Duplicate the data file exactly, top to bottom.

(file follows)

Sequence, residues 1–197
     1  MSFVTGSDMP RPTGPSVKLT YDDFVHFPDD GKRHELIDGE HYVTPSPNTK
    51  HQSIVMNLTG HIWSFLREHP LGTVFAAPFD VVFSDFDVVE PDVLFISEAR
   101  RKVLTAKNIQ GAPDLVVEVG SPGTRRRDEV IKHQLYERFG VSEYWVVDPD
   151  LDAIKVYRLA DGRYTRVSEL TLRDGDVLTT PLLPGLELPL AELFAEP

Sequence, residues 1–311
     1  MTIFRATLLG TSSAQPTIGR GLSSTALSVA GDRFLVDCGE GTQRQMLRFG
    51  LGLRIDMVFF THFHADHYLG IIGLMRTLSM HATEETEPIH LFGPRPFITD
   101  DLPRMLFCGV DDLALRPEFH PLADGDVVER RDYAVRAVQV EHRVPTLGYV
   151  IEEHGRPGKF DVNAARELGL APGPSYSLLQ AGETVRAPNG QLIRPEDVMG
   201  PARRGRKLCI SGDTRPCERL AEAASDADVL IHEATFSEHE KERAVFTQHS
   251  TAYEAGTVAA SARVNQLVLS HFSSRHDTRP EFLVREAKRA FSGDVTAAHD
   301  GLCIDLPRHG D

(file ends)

Sequence, residues 1–197
     1  MSFVTGSDMP RPTGPSVKLT YDDFVHFPDD GKRHELIDGE HYVTPSPNTK
    51  HQSIVMNLTG HIWSFLREHP LGTVFAAPFD VVFSDFDVVE PDVLFISEAR
   101  RKVLTAKNIQ GAPDLVVEVG SPGTRRRDEV IKHQLYERFG VSEYWVVDPD
   151  LDAIKVYRLA DGRYTRVSEL TLRDGDVLTT PLLPGLELPL AELFAEP

Sequence, residues 1–311
     1  MTIFRATLLG TSSAQPTIGR GLSSTALSVA GDRFLVDCGE GTQRQMLRFG
    51  LGLRIDMVFF THFHADHYLG IIGLMRTLSM HATEETEPIH LFGPRPFITD
   101  DLPRMLFCGV DDLALRPEFH PLADGDVVER RDYAVRAVQV EHRVPTLGYV
   151  IEEHGRPGKF DVNAARELGL APGPSYSLLQ AGETVRAPNG QLIRPEDVMG
   201  PARRGRKLCI SGDTRPCERL AEAASDADVL IHEATFSEHE KERAVFTQHS
   251  TAYEAGTVAA SARVNQLVLS HFSSRHDTRP EFLVREAKRA FSGDVTAAHD
   301  GLCIDLPRHG D